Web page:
TORONTO, ONTARIO -- (Marketwired) -- 06/06/13 -- Hundreds rallied amid Toronto's skyscrapers today to call on the Ministry of Labour to help end the ongoing elevator worker strike by forcing Ontario's four largest elevator companies back to the bargaining table. For over one month, an employer coalition representing Kone, Otis, Schindler and ThyssenKrupp has refused to negotiate with their 1,400 elevator mechanics, allowing virtually every one of the 50,000 elevators they service to fall out of compliance with crucial provincial safety standards.
"These elevator companies have a near monopoly on elevator operation in Ontario and they are holding public safety hostage as they attempt to wrest concessions from workers that will undermine job security and workplace safety standards," said OFL President Sid Ryan. "It is appalling that the Technical Standards Safety Authority has failed to adequately intervene to ensure public safety, but it is not surprising given that a chief negotiator for the elevator companies sits on the T.S.S.A. board of directors."
By order of provincial regulation, every elevator in Ontario must be inspected monthly for compliance with safety standards. With the strike now into its second month, virtually none of the affected elevators have received this inspection and it is estimated that 75 percent are in some form of disrepair. Yet the employer coalition has refused the offer of the International Union of Elevator Constructors (I.U.E.C.) Locals 50, 90 and 96 to continue to keep their members servicing elevators during bargaining.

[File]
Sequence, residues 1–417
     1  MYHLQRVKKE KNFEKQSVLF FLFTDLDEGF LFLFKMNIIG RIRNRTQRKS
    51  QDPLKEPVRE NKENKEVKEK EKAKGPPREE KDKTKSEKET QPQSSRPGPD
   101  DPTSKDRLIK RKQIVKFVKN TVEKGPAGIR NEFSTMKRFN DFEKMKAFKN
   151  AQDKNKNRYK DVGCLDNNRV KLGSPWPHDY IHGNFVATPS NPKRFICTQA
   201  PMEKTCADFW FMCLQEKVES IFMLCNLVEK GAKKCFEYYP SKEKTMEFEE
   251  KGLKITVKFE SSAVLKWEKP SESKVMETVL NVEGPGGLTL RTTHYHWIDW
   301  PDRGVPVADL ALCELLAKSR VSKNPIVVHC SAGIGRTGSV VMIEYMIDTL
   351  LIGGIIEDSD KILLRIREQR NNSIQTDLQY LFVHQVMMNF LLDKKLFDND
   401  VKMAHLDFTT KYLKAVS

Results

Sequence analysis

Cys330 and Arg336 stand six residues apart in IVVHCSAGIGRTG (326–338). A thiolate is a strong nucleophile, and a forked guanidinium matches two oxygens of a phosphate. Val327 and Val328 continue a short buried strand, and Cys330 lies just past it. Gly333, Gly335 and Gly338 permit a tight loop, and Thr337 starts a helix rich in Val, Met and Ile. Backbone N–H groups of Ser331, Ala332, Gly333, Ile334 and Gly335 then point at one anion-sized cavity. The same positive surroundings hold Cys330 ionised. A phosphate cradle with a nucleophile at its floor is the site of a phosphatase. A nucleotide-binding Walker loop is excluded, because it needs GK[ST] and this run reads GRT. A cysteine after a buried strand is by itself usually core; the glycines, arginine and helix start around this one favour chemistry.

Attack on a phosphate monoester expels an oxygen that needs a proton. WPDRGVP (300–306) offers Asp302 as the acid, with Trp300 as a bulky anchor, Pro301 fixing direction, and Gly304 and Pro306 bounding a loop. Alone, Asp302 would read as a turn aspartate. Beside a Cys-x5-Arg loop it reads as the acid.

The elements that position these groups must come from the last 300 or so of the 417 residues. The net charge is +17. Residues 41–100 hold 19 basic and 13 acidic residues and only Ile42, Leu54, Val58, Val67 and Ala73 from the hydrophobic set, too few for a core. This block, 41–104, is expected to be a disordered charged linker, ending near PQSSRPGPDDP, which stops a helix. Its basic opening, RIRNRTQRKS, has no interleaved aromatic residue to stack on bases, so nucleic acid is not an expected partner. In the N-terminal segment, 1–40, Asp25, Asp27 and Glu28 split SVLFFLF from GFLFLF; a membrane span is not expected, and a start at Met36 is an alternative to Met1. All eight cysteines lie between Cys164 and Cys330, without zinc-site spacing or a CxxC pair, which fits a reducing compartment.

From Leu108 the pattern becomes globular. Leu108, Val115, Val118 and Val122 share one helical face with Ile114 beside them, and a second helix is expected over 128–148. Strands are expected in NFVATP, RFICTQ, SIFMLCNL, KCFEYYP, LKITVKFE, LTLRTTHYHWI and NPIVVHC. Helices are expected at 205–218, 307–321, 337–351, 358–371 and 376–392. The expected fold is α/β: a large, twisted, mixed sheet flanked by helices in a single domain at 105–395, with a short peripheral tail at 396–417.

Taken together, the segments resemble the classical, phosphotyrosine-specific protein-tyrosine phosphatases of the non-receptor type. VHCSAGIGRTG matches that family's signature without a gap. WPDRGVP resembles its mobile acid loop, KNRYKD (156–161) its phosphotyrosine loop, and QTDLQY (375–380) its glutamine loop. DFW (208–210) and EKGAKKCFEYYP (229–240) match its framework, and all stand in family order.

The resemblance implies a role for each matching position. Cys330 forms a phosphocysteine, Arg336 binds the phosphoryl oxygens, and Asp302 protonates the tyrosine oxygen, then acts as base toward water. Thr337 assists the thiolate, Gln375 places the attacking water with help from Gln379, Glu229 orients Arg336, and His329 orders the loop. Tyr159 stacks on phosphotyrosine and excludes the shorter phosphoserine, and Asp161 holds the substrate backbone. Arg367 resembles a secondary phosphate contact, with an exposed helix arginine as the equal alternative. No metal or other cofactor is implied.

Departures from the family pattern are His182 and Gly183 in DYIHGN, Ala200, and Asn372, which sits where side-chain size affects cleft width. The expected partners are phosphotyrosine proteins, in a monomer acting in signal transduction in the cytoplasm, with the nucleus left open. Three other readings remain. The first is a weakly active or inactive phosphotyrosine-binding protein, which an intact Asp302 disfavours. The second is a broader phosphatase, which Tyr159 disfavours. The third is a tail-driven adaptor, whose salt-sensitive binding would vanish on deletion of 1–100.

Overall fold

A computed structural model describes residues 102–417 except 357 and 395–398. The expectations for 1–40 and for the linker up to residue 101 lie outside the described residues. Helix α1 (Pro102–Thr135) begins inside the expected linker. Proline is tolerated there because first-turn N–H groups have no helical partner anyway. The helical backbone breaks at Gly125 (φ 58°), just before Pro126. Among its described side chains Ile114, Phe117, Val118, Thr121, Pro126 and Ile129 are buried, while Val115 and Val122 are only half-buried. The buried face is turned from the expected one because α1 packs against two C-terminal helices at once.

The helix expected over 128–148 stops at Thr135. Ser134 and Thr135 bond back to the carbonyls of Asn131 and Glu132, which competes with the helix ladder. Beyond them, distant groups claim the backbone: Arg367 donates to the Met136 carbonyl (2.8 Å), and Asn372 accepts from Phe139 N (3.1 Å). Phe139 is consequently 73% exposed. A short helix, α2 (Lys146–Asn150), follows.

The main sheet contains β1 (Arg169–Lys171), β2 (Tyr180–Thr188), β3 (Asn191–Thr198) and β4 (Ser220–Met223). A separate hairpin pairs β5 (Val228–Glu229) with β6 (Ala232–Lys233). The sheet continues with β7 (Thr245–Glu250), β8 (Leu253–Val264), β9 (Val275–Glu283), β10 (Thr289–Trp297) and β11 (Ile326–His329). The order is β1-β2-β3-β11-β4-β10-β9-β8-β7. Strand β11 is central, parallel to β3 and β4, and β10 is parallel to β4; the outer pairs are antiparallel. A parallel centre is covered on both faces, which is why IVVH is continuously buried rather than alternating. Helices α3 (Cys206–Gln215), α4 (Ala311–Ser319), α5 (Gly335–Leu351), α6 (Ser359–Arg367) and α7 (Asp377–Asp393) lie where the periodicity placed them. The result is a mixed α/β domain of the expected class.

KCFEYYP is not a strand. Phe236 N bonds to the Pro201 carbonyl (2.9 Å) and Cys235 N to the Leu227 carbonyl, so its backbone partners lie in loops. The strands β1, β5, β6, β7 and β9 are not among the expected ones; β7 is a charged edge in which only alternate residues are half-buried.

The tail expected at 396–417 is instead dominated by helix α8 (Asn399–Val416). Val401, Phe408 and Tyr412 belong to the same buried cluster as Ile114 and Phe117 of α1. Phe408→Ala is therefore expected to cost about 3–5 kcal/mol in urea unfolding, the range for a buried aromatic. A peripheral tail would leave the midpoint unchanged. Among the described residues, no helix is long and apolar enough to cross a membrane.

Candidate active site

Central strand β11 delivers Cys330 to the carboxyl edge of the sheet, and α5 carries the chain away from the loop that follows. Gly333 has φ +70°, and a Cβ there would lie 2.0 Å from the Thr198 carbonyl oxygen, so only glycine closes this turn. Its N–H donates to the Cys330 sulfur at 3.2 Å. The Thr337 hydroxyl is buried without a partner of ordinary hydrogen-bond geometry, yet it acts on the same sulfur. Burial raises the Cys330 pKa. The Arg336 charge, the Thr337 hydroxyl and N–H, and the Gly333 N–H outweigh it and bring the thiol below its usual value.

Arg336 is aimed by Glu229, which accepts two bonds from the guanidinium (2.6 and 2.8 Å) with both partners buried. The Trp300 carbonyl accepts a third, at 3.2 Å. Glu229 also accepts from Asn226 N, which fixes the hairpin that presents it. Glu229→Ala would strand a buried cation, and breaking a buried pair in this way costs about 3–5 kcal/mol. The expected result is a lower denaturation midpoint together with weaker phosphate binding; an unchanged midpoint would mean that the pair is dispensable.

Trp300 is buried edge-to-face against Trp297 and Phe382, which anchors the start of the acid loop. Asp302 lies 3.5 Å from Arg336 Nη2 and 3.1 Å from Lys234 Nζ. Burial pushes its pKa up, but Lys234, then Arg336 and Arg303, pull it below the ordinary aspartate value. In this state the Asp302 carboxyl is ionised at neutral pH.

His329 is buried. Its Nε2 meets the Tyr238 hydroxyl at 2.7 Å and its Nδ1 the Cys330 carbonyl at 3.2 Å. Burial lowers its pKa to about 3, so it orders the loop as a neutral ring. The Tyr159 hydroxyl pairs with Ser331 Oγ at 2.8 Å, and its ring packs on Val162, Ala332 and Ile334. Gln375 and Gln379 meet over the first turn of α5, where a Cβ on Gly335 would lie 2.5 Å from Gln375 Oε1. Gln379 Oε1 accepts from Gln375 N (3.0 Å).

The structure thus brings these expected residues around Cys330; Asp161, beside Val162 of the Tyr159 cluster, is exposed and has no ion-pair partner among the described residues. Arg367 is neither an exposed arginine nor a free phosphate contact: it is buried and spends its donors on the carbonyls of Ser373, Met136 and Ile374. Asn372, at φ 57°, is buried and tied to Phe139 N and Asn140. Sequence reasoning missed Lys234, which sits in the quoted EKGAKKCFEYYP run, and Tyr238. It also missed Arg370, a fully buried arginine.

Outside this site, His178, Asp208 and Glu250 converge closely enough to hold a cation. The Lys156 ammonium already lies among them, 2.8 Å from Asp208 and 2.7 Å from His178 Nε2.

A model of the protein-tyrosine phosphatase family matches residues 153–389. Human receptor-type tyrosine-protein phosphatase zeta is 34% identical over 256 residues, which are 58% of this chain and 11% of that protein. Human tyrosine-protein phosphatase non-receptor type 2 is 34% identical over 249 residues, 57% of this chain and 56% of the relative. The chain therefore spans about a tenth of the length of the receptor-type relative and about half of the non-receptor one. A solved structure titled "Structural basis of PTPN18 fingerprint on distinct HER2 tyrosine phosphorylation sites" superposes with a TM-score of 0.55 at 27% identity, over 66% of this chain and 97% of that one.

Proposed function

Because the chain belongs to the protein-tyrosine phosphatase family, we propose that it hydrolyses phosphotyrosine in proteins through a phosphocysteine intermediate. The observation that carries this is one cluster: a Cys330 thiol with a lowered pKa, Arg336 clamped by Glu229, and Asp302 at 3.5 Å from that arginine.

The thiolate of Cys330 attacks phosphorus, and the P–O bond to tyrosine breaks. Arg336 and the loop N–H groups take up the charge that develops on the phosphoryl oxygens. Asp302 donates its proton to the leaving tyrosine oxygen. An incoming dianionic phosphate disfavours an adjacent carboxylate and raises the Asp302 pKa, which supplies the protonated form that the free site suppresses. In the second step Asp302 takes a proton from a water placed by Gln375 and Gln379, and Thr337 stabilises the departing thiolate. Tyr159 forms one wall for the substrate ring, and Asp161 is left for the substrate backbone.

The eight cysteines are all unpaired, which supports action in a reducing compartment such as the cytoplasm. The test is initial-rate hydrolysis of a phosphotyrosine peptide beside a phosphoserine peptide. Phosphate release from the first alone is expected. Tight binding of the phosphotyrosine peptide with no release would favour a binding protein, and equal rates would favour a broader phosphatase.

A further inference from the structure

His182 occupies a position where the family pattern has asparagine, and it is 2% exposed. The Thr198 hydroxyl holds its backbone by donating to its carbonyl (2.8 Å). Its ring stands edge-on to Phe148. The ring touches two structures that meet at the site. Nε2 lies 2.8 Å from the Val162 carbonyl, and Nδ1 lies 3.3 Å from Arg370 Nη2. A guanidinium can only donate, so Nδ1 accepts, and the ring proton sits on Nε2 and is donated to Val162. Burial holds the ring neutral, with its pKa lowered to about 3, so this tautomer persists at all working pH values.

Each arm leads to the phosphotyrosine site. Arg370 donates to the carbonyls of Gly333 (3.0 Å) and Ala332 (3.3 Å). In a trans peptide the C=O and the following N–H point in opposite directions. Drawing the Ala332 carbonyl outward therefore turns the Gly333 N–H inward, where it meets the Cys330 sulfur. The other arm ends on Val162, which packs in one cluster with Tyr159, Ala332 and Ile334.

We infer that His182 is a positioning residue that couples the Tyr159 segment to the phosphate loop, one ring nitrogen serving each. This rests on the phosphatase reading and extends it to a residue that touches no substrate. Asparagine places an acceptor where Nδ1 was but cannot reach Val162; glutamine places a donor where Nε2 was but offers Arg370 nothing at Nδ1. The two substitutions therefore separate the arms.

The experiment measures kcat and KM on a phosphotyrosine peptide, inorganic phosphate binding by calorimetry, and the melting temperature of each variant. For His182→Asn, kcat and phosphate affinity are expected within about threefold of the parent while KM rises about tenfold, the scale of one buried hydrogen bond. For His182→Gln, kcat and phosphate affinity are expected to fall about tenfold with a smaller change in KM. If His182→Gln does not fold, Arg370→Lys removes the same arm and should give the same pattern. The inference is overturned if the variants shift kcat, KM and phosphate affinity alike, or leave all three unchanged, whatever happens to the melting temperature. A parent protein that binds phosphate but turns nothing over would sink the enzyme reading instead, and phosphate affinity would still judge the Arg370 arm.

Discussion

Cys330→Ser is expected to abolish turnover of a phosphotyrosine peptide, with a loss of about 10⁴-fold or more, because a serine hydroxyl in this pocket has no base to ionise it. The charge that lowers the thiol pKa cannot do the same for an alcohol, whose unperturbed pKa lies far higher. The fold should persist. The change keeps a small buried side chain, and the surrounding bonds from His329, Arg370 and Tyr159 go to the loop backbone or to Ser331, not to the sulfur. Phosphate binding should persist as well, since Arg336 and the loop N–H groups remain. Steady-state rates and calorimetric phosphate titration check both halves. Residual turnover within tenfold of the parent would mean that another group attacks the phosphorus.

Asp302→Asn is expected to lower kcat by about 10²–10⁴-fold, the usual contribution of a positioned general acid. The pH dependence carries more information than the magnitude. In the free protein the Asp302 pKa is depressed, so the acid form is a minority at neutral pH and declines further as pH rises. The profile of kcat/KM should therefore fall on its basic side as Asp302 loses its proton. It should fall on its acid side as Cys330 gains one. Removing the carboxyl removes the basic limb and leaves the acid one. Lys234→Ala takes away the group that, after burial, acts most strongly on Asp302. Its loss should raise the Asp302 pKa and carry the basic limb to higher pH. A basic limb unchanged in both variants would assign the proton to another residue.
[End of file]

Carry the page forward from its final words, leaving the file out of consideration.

"Wages are not even on the table. This strike is not about money, it is about safety: we want to protect it, our employers want to diminish it," said I.U.E.C. Business Representative Brad Farrell. "We have been forced on strike to keep experienced workers in the workplace and to ensure that lives aren't endangered by forcing lone mechanics to perform work that requires a crew. The companies cannot undermine staffing levels without compromising public safety."
The employer coalition has rejected the unions' concerns and refuses to come back to the table. Instead, the four elevator companies are protracting the dispute by using unqualified replacement workers and managers to perform the work of the specially-trained elevator mechanics.
"I'm astonished that the union's offer to keep working throughout bargaining was met with outright rejection by these employers," said OFL Ryan. "Every day that the employers refuse to negotiate, lives are being put at risk. We cannot wait for a serious accident to occur before employers are forced back to the bargaining table."
About the Ontario Federation of Labour
The Ontario Federation of Labour (OFL) represents 54 unions and one million workers in Ontario. Visit www.OFL.ca and follow the OFL on Facebook and Twitter @OFLabour
Ontario Federation of Labour
Ontario Federation of Labour
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